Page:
Juniper Networks Buys CMTS Specialist

Sunnyvale, Calif.’s Juniper Networks Inc. Monday moved to acquire privately-held Pacific Broadband
Communications in a stock transaction worth about $200 million.

San Jose, Calif.’s Pacific Broadband makes next-generation cable modem termination systems (CMTS), which help cable operators
deliver such important IP services as Voice over IP (VoIP), high-speed cable modem access and even DVD-quality video on demand (VoD)
over last-mile cable infrastructure.

Of central importance for Juniper, a networking infrastructure leader, is the idea that PBC will help it move beyond the core of its
offerings to reach the last mile, which is where CMTS comes in. CMTS exchanges digital signals with cable modems on a cable network.
A data service is delivered to a subscriber through channels in a coaxial cable or optical fiber cable to a cable modem installed
externally or internally to a subscriber’s computer or television set.

When a CMTS receives signals from a cable modem, it converts these signals into Internet Protocol (IP) packets, which are then sent
to a router for transmission. When a CMTS sends signals to a cable modem, it modulates the downstream signals for transmission
across the cable to the cable modem.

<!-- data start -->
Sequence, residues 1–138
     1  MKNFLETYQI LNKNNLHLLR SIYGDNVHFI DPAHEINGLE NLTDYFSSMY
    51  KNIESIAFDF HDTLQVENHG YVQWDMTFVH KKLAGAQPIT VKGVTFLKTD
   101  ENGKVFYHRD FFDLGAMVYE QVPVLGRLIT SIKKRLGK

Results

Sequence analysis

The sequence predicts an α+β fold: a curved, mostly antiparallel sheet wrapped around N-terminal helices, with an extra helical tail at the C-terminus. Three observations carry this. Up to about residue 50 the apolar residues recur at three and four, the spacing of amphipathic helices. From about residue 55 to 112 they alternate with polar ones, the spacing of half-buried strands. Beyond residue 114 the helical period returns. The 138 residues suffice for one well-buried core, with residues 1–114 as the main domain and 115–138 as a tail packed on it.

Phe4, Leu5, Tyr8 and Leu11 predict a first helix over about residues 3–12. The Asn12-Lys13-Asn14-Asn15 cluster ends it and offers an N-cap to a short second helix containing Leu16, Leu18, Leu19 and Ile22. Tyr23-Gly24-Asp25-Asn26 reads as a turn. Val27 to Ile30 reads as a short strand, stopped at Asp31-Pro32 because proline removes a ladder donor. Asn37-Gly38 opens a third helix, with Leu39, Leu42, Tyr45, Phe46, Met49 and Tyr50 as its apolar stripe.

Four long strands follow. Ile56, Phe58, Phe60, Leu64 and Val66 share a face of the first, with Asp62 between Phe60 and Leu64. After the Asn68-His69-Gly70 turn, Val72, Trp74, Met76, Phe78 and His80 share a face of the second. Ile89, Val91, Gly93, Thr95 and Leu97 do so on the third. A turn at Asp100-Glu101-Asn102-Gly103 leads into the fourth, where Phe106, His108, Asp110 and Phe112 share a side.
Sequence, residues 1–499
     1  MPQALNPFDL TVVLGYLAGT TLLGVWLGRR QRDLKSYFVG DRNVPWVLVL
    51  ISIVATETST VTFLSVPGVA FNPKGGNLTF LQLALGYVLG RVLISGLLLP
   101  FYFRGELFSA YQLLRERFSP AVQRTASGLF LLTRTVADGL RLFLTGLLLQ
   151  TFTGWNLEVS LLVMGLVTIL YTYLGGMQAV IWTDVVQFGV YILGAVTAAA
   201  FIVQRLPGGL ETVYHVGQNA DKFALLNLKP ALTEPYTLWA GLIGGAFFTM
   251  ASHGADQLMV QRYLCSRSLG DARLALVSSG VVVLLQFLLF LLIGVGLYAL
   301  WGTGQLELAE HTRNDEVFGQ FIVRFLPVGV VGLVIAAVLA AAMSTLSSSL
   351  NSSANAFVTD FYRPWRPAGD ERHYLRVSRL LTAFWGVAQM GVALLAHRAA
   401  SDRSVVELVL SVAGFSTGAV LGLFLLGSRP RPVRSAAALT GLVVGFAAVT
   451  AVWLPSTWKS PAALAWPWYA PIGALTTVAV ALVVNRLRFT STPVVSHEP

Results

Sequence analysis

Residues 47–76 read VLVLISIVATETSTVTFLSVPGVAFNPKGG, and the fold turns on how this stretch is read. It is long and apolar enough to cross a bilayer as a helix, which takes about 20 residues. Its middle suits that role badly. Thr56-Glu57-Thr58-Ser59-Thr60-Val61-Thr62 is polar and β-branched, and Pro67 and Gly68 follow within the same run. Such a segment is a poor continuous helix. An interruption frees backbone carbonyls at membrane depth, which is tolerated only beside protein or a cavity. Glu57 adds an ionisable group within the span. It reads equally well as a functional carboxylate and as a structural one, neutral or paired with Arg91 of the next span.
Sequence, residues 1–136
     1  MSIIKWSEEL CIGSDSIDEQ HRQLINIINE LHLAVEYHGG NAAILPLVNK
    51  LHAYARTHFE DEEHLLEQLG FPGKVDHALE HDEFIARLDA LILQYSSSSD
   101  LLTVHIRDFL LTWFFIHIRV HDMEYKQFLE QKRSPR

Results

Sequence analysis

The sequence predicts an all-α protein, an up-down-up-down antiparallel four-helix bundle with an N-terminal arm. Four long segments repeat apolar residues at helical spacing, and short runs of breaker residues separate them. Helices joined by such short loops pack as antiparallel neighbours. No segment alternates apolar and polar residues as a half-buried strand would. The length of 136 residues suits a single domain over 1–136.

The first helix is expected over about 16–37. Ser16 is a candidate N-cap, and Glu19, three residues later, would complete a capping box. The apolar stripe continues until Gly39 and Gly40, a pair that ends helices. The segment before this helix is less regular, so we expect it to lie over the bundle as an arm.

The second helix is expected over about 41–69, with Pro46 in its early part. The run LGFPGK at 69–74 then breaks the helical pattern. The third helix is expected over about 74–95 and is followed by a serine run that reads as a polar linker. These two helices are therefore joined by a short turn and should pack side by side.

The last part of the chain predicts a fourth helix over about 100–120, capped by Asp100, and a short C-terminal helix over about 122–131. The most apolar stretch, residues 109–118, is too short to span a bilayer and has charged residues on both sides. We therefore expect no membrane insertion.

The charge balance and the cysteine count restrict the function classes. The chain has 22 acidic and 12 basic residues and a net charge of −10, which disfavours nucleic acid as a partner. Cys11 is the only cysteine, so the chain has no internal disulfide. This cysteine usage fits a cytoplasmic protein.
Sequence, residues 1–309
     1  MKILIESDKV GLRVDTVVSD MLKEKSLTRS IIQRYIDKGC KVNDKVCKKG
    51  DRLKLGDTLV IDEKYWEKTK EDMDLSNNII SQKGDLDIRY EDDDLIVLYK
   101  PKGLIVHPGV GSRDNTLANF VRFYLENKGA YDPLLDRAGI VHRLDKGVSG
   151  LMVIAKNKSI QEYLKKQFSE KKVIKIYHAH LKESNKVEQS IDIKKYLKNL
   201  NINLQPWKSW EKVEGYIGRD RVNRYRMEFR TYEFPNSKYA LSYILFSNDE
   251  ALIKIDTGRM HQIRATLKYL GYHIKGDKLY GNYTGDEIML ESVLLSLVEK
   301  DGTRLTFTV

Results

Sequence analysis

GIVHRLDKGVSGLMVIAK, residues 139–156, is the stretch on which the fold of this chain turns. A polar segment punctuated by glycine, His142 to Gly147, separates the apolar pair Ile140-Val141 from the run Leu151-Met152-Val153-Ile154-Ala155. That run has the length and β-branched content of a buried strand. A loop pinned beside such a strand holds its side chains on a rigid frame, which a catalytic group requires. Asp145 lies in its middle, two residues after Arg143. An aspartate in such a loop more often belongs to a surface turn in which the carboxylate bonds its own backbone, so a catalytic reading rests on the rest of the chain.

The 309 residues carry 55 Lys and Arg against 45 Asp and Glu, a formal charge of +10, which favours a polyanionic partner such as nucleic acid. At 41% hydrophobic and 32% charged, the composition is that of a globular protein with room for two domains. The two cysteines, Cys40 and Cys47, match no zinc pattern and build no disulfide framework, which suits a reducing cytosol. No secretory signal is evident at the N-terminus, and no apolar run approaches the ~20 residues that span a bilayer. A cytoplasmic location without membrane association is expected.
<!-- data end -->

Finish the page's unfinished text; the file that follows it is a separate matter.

Scott Kriens, chairman, president and CEO of Juniper Networks, said Gartner Dataquest places CMTS revenues at $500 million this
year, and expects that figure to grow to $1.3 billion by 2005.

“Importantly, we continue to focus on fundamental transitions that are driving the new IP network,” Kriens said in a conference call
Monday. “This deal stands to help the global deployment and reliability of high-performance IP and services, and could help drive
businesses and enterprises to migrate to IP.”

Alok Sharma, president and CEO of Pacific Broadband Communications, said his firm focuses on eliminating last-mile bottlenecks
through more dense, noise-reductive copper-based technologies. PBC’s flagship CMTS is the Kodiak G10.

“Our custom silicon has been proven to deliver more than 20 times the bandwidth of traditional fibre,” Sharma said.

No word as to how PBC employees of offices will be affected, pending the completion of the deal. Expected to close in the fourth
quarter, the acquisition has been approved by the board of directors of each company and is subject to various closing conditions
including approval under the Hart-Scott-Rodino Antitrust Improvements Act.

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